It gives us immense pleasure to inform that the first issue of 2016, CODSJOD has been released and it is available at, Jaypee Publications. This journal is indexed in Google Scholar at present and stepping towards PUBMED indexing. We extend our heartful thanks to the past editors Dr Narayan Valvalkar, Dr Mamtha GP, Dr Sharhidhara HS and Dr Nandini DB who have contributed to the journal making in the initial stage.


All clinicians and academicians rely on scientific literature to keep up with the advancements in his/her field. Yet we are unaware about the actual authenticity of most research publications. It is all the more perplexing to learn that many a times genuine research and ingenious hard work by a researcher is not rewarded due to disparity in authorship claims.

Authorship Disparity in fields of Research

Authorship disputes range from false expectations, authors with no participation given credit to unethical ghostwriting. Both undeserved authorship and ghost-writing are widespread. Depending on the discipline and type of publication, studies have revealed inappropriate authorship in “only” 20% of articles, evidence of honorary authorship in 40% and evidence of ghost authorship in 75%1.

Who is an author?

There have been a number of attempts at developing guidelines that deal with the problem of authorship. The most prominent is the Vancouver Protocol, which resulted in the establishment of the Committee on Publication Ethics (COPE) in 1997.

According to these guidelines, authorship credit should be based on

  1. Substantial contributions to conception and design, acquisition of data, or analysis and interpretation of data;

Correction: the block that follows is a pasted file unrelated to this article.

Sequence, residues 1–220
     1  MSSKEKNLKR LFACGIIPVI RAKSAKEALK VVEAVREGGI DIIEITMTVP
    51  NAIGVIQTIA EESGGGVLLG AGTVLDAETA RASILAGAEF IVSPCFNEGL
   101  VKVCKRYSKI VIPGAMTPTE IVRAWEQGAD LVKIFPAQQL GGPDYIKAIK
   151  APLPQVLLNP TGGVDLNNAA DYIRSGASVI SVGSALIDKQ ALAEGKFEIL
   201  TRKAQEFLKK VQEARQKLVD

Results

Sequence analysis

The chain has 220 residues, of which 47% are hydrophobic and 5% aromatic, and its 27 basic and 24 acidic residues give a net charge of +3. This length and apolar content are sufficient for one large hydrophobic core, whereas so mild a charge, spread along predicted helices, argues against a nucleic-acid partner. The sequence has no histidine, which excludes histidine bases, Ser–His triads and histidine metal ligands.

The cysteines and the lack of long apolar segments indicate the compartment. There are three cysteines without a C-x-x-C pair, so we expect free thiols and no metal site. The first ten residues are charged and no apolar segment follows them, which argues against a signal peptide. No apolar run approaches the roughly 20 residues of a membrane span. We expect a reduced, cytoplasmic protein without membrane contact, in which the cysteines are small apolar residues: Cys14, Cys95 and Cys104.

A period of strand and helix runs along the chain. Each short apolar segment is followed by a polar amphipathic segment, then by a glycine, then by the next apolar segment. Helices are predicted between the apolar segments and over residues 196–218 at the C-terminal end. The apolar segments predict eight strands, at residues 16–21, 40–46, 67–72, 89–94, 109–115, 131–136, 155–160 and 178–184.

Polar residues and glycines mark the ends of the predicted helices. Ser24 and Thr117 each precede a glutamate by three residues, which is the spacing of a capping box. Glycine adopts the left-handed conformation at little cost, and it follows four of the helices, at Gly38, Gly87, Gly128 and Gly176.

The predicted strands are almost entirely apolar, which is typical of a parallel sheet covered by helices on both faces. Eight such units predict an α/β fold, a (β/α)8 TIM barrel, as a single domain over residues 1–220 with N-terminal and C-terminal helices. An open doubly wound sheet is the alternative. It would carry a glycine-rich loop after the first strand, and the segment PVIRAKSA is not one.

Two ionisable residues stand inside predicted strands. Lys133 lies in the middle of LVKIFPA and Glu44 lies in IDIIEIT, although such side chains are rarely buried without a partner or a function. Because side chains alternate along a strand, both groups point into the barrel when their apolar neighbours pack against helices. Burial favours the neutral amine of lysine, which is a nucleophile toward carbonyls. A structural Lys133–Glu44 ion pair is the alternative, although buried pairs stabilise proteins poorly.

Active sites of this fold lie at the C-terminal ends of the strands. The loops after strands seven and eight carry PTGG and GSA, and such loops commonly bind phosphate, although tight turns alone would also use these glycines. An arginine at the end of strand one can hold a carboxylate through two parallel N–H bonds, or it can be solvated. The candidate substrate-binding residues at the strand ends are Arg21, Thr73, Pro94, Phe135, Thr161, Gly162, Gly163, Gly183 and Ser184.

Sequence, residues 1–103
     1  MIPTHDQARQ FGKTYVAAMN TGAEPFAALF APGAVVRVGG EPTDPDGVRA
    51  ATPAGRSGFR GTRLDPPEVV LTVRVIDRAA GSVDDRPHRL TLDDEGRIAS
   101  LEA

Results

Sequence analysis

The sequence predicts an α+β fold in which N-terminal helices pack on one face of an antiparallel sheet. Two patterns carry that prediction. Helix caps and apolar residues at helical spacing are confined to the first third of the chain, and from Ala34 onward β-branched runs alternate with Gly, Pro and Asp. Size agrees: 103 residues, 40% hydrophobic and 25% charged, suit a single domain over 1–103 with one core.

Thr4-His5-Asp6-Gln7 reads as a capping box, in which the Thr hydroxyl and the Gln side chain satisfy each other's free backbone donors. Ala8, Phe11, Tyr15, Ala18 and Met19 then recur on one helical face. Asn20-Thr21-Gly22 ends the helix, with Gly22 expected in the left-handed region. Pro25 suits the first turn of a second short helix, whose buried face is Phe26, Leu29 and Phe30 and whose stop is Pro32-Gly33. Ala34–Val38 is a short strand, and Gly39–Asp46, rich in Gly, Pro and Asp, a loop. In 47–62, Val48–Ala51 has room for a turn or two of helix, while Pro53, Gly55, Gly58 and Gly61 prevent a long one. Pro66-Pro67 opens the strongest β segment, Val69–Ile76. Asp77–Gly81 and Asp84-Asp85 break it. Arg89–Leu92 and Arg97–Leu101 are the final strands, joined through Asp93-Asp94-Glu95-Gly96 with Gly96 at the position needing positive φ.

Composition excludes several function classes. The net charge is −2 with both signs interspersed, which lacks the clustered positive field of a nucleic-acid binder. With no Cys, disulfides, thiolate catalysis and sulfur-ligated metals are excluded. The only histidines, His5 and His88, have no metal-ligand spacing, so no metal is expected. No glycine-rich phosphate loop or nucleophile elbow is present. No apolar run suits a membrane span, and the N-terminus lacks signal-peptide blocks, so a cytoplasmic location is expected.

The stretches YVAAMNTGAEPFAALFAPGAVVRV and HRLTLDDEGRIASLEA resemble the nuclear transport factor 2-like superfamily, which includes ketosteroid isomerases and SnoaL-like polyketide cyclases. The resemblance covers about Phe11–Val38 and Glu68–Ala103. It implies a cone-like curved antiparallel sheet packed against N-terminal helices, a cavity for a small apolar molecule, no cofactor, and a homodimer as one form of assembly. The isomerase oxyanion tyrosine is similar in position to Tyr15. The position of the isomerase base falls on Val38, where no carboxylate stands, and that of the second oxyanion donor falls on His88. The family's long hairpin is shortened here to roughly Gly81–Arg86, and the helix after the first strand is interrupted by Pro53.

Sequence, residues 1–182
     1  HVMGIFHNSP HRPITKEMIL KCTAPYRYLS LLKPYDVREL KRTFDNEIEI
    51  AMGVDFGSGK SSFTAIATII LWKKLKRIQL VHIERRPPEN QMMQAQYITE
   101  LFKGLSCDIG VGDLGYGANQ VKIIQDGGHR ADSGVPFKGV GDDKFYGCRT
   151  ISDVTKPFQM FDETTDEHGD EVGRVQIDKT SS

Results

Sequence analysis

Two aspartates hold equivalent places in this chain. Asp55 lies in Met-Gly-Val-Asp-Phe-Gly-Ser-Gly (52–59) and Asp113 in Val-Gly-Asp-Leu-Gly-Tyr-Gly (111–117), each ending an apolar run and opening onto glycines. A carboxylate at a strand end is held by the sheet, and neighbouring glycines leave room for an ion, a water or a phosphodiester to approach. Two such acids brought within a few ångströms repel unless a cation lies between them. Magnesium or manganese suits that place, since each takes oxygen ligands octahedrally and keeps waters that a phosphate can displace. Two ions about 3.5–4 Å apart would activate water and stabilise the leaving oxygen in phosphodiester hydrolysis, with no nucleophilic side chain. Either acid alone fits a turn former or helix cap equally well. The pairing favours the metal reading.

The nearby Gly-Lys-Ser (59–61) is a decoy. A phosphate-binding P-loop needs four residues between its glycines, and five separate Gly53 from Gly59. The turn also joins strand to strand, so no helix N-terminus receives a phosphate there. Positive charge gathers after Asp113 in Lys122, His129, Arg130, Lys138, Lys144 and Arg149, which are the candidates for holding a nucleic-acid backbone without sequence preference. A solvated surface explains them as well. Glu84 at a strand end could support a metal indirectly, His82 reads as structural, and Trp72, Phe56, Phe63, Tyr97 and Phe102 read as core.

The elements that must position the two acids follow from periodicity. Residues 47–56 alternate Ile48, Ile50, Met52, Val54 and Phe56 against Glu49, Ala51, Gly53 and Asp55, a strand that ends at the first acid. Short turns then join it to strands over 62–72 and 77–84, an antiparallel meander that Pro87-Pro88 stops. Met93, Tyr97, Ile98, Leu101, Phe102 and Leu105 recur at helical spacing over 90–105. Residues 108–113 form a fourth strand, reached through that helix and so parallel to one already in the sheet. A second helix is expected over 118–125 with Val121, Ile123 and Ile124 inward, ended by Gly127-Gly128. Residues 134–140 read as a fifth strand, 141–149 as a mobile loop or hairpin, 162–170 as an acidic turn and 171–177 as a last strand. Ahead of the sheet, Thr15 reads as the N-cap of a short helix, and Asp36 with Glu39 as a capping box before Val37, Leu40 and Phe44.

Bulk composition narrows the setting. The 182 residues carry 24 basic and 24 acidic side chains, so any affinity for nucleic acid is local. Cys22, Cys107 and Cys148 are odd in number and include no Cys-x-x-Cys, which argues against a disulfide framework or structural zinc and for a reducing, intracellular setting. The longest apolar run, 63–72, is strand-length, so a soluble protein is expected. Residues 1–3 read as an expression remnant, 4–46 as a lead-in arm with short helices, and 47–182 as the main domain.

2. Drafting the article or revising it critically for important intellectual content

  3. Final approval of the version to be published.2

Despite being cited by International Committee of Medical Journal Editors (ICMJE), these guidelines are often disregarded.

What should be the order for authorship credit?

Since order of authorship is more of an ethical and moral problem than a legal one, it is often taken for granted.

In an overview published in 20073, four basic approaches are presented which can help to avoid arbitrary or inappropriate determination and interpretation of author sequence. In the first approach, known as “sequence determines credit” (SDC), the sequence of authors reflects the importance of their contributions in descending order. The first author is thus accorded the greatest weight and the last author the least. The second approach involves listing all authors in alphabetical order. This is particularly appropriate in cases where all authors have made similar contributions to the publication. It is therefore known as the “equal contribution” (EC) approach. The third approach highlights the importance of the first and the last author; it is known as the “first-last-author-emphasis” (FLAE) norm. Finally, the “percent-contribution-indicated” (PCI) approach allows each author's contribution to be expressed in percentage terms, using various scoring systems.

The corresponding author (whose contact address is printed in the publication) often appears as the first or last author. This function may be of purely administrative significance. Sometimes, however, it is also associated with seniority, or the corresponding author bears overall responsibility and represents the team of authors vis à-vis third parties.4

Listing of the other authors in the order of importance of their contributions is a widely recognized practice.

It is a violation of scientific integrity to grant authorship to a person who has not made a sufficiently substantial scientific contribution to a publication. This includes colleagues with only marginal involvement listing each other as authors in their publications, or a senior academic not involved in the research. The latter practice is advantageous to both parties since the researcher gains from the senior academic's reputation while the academic effortlessly gains a publication.

Authors have a scientific responsibility to provide proper research and also have an ethical liability to ensure due credit to its researcher. Hence, authorship order should be restricted solely on basis of contribution in contrast to seniority. The practice of honorary or gratuitous authorship should be refrained from as it discredits the efforts of the main researcher.